On Friday, May 15th, Consider the Conversation 2: Stories about Cure, Relief, and Comfort won Silver in the category of “Best Public Affairs Program, Documentary or News Special” at the Milwaukee Press Club’s 85th Annual MPC Awards for Excellence in Wisconsin Journalism ceremony held at the InterContinental Hotel in downtown Milwaukee.
Producers Terry Kaldhusdal and Michael Bernhagen were on hand for the ceremony and were honored to accept the award on behalf of the films’ patients and doctors whose stories continue to inspire us all.
American medicine’s success at fighting disease and extending life has created a new problem. That is, the vast majority of patients can now expect to die in a place (a hospital or nursing home) and in a way (with increased quantity, but reduced quality, of life) that most wouldn’t choose if only asked. Talking about dying, which is as natural as birth, is now taboo. And, the reality is patients and families are suffering needlessly. It is a problem we never intended to create and one that must be solved, but how?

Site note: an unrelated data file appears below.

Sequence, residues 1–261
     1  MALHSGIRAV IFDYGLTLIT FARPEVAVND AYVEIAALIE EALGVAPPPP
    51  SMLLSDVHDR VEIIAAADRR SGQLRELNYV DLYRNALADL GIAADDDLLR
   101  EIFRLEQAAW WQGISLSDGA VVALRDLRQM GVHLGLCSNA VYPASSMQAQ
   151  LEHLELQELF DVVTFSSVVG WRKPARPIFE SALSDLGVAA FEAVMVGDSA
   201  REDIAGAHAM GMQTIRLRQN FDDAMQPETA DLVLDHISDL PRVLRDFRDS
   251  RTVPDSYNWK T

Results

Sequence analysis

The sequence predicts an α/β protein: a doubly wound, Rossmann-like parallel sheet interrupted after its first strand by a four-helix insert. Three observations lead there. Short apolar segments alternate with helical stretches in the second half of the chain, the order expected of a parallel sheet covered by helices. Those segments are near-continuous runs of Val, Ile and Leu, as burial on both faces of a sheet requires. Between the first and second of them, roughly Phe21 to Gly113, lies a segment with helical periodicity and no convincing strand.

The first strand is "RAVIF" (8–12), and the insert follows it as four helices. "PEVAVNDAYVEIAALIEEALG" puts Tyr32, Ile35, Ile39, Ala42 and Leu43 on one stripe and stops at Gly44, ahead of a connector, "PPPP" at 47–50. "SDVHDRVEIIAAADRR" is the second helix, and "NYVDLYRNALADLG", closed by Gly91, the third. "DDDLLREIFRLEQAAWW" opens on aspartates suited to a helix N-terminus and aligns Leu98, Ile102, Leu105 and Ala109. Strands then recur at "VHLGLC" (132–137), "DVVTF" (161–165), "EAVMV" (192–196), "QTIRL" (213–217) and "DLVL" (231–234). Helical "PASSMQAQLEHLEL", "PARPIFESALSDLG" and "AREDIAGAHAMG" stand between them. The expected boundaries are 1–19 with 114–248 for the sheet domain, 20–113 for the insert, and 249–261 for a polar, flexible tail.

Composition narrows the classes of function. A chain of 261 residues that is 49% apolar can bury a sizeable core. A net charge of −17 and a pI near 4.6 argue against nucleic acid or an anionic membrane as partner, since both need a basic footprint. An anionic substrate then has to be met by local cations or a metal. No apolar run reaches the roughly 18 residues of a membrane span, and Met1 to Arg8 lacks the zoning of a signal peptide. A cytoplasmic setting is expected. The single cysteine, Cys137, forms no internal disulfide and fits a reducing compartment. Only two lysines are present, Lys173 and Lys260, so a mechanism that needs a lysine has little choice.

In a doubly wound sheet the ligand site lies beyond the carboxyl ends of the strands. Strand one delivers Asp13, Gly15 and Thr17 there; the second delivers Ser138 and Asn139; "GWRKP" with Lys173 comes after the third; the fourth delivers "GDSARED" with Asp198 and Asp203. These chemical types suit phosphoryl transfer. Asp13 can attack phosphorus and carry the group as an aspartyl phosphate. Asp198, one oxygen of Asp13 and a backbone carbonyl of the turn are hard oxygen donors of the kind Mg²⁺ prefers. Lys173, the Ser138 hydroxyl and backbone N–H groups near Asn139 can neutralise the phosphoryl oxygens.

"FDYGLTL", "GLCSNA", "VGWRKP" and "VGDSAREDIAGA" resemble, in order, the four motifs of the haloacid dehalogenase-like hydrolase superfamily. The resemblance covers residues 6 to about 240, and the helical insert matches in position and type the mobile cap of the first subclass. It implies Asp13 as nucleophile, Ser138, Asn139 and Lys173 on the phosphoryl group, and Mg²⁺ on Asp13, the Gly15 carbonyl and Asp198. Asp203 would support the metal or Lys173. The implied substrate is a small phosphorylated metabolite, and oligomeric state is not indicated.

Consider the Conversation 2: Stories about Cure, Relief, and Comfort explores the effect of American medicine’s success on the patient/doctor relationship and sheds light on the important role communication plays in helping both patient and doctor navigate the murky waters of severe chronic disease.
The Pennsylvania Link to Aging and Disability Resources Berks-Lancaster-Lebanon Service Area partners network has purchased a copy of the groundbreaking film that has now won eleven awards – including two Bronze Tellys and the 2014 Global Film Awards Humanitarian Award as well as a copy of Consider the Conversation: A documentary on a taboo subject. Each film is available for showing by the Link partners’ network and your organization, entity or agency. To find out more about showing these films, text or call 717.380.9714 or complete this box to send an email.
Consider the Conversation: A Documentary on a Taboo Subject. This project sheds light on the 21st century American struggle with communication and preparation at life’s end. Throughout the film, there are intimate accounts of the emotional, spiritual, physical and social burdens associated with the historical shift that has occurred with dying. Forty years ago, most people experienced a quick death, but today we are more likely to suffer a slow, incremental dying process.
Consider the Conversation: A Documentary on a Taboo Subject examines multiple perspectives on end-of-life care and includes information and experiences gathered from interviews with patients, family members, doctors, nurses, clergy, social workers, and national experts from around the country.
Each film is available for showing by the Link partners’ network and your organization, entity or agency. To find out more about showing these films, text or call 717.380.9714 or by completing the above box to send an email.